Mine Safety and Health Administration
Contact: Amy Louviere
Phone: (703) 235-1452
Released Tuesday, January 5, 1999
NUMBER OF U.S. MINING DEATHS DECLINES IN 1998
Accidental deaths at mines in the United States declined by 12 percent last year, according to preliminary data from the U.S. Department of Labor's Mine Safety and Health Administration (MSHA). Eighty miners died from work-related injuries in 1998, compared to 91 in 1997.
"These deaths represent a very real tragedy to the families and friends of the 80 miners who lost their lives last year," said J. Davitt McAteer, assistant secretary of labor for mine safety and health. "Hopefully, we will learn from these accidents and will prevent future ones, because the loss of even one miner's life is far too many."
Last year saw the fewest mining-related fatalities, based on records dating back to 1869. The previous low was achieved in 1994, when 85 miners died on the job.
In the nation's coal mines, preliminary figures indicated fewer deaths occured for the third consecutive year, with 29 fatalities in 1998, down from 30 in 1997, and 39 in 1996.
Deaths in the metal and nonmetal sector -- although dropping from 61 in 1997 to 51 in 1998 -- are still too high, noted McAteer.
"It became clear to this Agency last year that we needed to devote even greater resources to combat the rise in metal and nonmetal mining fatalities," said McAteer. "Those efforts appear to be helping, with ten fewer deaths in 1998. However," he added, "there's still much work to be done, and there are additional concerns that we must address.
"Our efforts along with the efforts of unions and working miners as well as company officials have contributed to this successful undertaking, but those efforts need to be increased in order to reach our common goal of a fatality-free mining industry," McAteer said.
Those additional concerns revolve around last year's passage of a $217 billion highway construction bill, which will likely prompt increased demand for crushed stone used in building new roads. "This means a surge in jobs, many going to new, inexperienced miners," said McAteer. "We must ensure that each one of these new miners receives the training he or she deserves to recognize hazards and avoid accidents. The agency is currently working on new regulations for training."
Of the 51 metal and nonmetal mining fatalities during 1998, 21 involved powered haulage equipment, still the leading cause of fatal injuries in the mining industry, but down from 24 in 1997. Slips and falls of a person, the second highest category of fatal accidents, claimed the lives of eight metal and nonmetal miners this year. Eight of the year's fatalities occurred at underground mines; while 43 happened at surface mines.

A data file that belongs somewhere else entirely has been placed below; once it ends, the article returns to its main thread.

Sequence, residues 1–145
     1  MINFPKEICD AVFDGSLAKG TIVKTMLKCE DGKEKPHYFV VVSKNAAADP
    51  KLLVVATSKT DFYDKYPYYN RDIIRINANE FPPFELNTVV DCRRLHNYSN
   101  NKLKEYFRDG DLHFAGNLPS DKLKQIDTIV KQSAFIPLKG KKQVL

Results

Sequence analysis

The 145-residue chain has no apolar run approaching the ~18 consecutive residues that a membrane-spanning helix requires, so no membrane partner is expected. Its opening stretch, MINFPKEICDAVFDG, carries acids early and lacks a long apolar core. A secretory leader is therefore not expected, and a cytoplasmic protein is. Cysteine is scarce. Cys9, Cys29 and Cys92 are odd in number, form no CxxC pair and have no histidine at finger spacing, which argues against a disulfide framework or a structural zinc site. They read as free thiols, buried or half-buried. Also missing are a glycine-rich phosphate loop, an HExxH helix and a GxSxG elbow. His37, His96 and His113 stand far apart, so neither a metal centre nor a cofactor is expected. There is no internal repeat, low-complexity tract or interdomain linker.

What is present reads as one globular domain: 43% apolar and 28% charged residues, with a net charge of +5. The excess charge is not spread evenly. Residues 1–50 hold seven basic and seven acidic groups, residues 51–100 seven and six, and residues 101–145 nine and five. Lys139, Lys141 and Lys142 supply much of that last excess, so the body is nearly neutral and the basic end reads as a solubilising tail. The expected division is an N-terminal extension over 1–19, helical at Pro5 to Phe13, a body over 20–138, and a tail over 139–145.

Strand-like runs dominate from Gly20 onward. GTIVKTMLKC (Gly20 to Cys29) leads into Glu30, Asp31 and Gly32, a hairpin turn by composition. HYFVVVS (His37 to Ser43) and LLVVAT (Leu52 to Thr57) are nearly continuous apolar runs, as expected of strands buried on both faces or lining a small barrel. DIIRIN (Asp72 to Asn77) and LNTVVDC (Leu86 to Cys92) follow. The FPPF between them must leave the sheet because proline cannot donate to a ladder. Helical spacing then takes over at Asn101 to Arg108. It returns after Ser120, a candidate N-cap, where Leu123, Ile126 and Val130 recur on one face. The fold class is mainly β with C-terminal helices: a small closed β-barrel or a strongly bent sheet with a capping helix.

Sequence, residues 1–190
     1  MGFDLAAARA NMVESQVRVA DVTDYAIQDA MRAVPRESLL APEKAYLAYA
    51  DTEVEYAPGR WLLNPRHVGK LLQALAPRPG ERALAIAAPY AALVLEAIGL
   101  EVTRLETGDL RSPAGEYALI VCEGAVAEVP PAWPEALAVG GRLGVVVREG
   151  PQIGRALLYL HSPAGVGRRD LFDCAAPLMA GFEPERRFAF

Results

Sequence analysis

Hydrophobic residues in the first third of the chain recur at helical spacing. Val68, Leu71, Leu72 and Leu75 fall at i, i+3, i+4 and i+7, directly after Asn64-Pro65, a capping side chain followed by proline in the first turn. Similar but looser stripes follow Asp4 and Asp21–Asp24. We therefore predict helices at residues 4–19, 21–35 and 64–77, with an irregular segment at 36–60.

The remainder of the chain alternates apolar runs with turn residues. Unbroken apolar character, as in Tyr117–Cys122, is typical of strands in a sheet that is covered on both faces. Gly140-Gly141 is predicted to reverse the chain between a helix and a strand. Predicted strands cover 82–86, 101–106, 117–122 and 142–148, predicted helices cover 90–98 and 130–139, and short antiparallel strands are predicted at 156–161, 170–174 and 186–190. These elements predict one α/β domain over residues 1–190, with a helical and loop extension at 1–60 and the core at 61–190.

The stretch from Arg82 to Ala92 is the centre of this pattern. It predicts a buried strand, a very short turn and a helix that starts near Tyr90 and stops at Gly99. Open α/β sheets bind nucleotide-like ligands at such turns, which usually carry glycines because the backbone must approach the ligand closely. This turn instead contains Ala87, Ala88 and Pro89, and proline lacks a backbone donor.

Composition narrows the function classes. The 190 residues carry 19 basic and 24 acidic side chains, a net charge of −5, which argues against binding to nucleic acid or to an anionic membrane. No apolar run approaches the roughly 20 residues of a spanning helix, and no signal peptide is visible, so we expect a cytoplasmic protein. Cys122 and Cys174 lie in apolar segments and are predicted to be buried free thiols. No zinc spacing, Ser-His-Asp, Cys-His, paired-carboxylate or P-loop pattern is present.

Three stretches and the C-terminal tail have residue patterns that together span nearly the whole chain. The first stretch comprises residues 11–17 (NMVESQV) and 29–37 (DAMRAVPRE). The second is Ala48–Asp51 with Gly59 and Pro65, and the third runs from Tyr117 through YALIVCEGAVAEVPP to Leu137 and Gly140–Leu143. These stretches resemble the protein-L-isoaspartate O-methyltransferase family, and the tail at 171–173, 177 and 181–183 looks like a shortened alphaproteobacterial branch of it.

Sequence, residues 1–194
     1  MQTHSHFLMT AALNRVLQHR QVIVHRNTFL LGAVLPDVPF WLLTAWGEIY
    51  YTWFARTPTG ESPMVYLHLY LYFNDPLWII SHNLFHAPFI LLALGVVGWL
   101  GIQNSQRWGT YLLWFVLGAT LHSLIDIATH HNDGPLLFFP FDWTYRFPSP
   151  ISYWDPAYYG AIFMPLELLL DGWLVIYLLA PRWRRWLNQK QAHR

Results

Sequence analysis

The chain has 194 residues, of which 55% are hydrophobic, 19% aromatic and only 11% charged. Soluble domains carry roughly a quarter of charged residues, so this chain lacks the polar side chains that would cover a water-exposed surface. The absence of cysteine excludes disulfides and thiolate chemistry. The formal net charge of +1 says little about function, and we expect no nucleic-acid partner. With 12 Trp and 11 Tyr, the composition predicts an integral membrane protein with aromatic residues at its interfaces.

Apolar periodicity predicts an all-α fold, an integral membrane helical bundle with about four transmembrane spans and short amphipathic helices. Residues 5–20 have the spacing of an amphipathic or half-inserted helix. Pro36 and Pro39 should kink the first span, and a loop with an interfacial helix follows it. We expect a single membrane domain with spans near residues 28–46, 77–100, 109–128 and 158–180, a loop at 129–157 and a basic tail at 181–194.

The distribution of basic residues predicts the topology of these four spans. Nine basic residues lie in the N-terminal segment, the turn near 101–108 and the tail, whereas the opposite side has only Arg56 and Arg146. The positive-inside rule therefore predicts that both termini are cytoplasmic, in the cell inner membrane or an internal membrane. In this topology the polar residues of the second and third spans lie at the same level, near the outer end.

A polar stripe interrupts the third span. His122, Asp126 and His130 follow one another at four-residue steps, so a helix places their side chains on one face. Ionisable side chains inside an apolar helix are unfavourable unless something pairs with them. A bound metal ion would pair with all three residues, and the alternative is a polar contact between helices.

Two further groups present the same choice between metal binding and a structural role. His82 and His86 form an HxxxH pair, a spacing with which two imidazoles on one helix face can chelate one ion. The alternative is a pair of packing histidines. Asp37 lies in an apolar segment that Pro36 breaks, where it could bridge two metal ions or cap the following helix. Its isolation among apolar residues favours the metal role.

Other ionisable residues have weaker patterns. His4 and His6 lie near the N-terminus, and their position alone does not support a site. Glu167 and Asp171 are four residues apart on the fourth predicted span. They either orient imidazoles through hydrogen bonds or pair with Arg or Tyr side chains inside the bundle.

Texas had the most metal and nonmetal mining fatalities for the second consecutive year, with five, down from six in 1997.
Of the 29 coal mining fatalities that occurred in 1998, 13 were the result of roof falls, the leading cause of fatal coal mining accidents. Eight other deaths occurred due to powered haulage accidents. Twenty-two of the fatal coal mining accidents occurred at underground mines, while seven happened at surface mines.
The highest number of fatal coal mining accidents occurred in Kentucky, which had 12 deaths, up from five in 1997. West Virginia and Virginia had the next highest number of fatal coal mining accidents with six and five, respectively, during 1998. West Virginia's 1998 figures represented a slight decrease from 7 coal mining deaths in 1997, while Virginia's remained the same.
"Naturally, we are pleased that the number of coal mining deaths continues to decline and that the last three years have represented record lows, but we are by no means going to become complacent," said McAteer. "MSHA will continue in its efforts to prevent miners from suffering fatal injuries and, ultimately, to eliminate fatal accidents altogether."
MSHA inspects all mining operations in the nation for adherence to federal safety and health regulations.
Coal Mining Fatalities By State As of 12/31/1998
States that are not listed had no coal mining fatalities from 1993 through 1998.
Metal and Nonmetal Fatalities by State As of 12/31/1998
The states of Delaware, Hawaii, Maine, North Dakota, and Rhode Island had no fatalities in metal and non-metal mines from 1992 through 1998.